United States

Sergio Porras


By Chris Touma

Two years before Sergio Porras received his draft notice to serve in the Vietnam War, he was marching in the streets of Uvalde, Texas, with hundreds of other Mexican-American high school students.

It wasn’t war or the draft they were protesting. The students of Uvalde High were fed up with discrimination in the town’s public school system.

Uvalde, 86 miles southwest of San Antonio, was divided by railroad tracks. Whites lived in the northern section of town; the Hispanics, south of the tracks.

Olga Tobías Charles


By Voces Staff

In the spring of 1970, Olga Charles was a senior at Uvalde High School in South Texas. With just a few weeks before graduation, she was preparing to follow her mother’s career advice: Go to business school and become a bookkeeper, like her Aunt Julia.

José Aguilera


By Brigit Benestante

As a high school student in South Texas, José Aguilera participated in a six-week walkout that was ultimately unsuccessful and resulted in him leaving school. Yet he has no regrets: The experience defined him as someone who would stand up to the discrimination he had witnessed and felt.

“[The walkout] defined me as a person. I am really proud of that,” he wrote to the Voces Oral History Project.

José Antonio Dodier


By Adam Keyrouze

Both his father and his grandfather had served their country proudly during World War I and World War II, respectively. So José Antonio “Tony” Dodier didn't think twice about joining the Army.

Dodier’s first military training came when he was a student at Texas A&M University. A few years later, he was a young Army officer in the jungles of Vietnam, in a war he did not understand but which would leave him wounded, physically and emotionally.

Jorge B. Haynes Jr.


By Katherine Heighway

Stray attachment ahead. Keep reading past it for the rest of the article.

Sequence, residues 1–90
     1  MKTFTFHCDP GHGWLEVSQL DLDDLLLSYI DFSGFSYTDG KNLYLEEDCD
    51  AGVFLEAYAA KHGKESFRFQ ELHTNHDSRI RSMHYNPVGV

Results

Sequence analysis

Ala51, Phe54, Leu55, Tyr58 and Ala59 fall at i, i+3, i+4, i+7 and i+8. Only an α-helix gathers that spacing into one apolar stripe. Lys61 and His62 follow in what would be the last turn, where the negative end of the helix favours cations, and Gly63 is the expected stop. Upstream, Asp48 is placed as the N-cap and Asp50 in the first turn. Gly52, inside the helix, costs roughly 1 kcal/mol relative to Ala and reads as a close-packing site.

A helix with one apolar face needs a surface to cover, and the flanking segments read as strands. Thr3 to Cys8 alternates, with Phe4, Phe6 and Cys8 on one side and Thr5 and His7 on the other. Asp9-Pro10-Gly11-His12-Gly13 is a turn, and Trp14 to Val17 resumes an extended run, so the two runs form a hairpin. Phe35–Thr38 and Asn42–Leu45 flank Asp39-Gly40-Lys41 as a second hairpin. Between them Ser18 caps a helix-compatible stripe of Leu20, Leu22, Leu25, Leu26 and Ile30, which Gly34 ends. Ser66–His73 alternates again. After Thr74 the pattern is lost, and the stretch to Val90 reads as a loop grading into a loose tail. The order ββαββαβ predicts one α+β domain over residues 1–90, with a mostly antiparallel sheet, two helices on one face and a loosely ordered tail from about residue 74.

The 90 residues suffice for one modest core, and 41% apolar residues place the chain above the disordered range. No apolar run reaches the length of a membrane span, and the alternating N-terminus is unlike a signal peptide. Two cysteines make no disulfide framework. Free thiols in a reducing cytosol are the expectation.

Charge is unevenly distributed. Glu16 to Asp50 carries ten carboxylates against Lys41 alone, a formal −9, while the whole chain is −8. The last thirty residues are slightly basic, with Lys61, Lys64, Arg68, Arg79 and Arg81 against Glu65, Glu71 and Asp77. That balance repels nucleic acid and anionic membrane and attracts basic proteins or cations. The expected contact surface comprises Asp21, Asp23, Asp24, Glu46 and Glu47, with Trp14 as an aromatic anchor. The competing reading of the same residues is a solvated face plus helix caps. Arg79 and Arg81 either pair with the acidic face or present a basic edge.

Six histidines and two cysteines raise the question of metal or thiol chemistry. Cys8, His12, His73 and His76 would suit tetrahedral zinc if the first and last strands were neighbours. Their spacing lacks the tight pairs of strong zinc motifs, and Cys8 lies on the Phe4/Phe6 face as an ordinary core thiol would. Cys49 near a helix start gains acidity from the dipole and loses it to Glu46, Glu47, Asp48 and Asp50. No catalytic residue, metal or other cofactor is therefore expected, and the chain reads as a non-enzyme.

As a student at the community college in his hometown of Laredo on the Texas-Mexico border, Jorge Haynes Jr. was looking for direction in his life.

“I majored in flag football and in going to Nuevo Laredo to drink beer after 11 o’clock in the morning, so I didn’t do so well,” he said.

His father was pressuring him to go to college, but Haynes wasn’t quite ready. Instead, in January 1967, he enlisted in the Air Force.

Margaret Juárez Gómez


By the Voces staff

Margaret J. Gómez credits her early political awareness to her father. He was a Mexican immigrant with little education, but he closely followed political and world events.

“He read the newspaper from cover to cover every day,” she said. “A lot of times, he knew a lot more about what was going on in the world than I did, so when I got home from work, he would talk to me about what was going on."

Consuelo Mary Hartsell


By the Voces staff

Consuelo Hartsell grew up in Rawlins, Wyoming, in the only Latino family in a small town where the neighbors included Scandinavians, Greeks, Japanese and one African-American family. It was not until her last year of high school that a few more Latino families started to move in.

Her parents, Francisco and Carmen Macias, had eloped as teenagers, and moved from Texas and eventually to Wyoming to work in the beet fields. “They were just playing it by ear, I guess,” she said.

Albert Alvarez


By Dylan Nikoletopoulos

Albert Alvarez did not have to make any compromises to become mayor of Pearsall, Texas. He knew exactly why he wanted to do it and had the background and name recognition to help get him elected.

His father, Adolfo Alvarez, had served as Frio County Commissioner for 16 years, and Albert also wanted to represent the people of Pearsall.

“I wanted to be like my dad and follow in his footsteps,” said Alvarez. “Not only in the business world, but as an elected official as well.”

Alberto Lara Rojo


Alberto Lara Rojo heard about the bombing of Pearl Harbor the day after it happened.

“We didn’t know about it; we lived on the wrong side of town,” recalled the Mexican-American Navy veteran.

On that Monday, the Sunday attack on the American naval base in Hawaii was the talk of his high school in Marfa, Texas, where he was a freshman. Outside the school, other Mexican-American students told him, "It’s a gringo war. It does not affect us Spanish people."

Lauro Castillo


By the Voces Staff

Lauro Castillo grew up in a poor farming family in South Texas, living in a bare-bones house with a leaky roof.

The U.S. Army provided an escape from poverty but also exposed him to the brutal reality of war. He was an infantryman in some of the toughest battles of World War II.

To Castillo, it was simply a matter of doing his duty for his country.

“I’m proud” of serving, he said. “I fulfilled my obligation to the U.S.”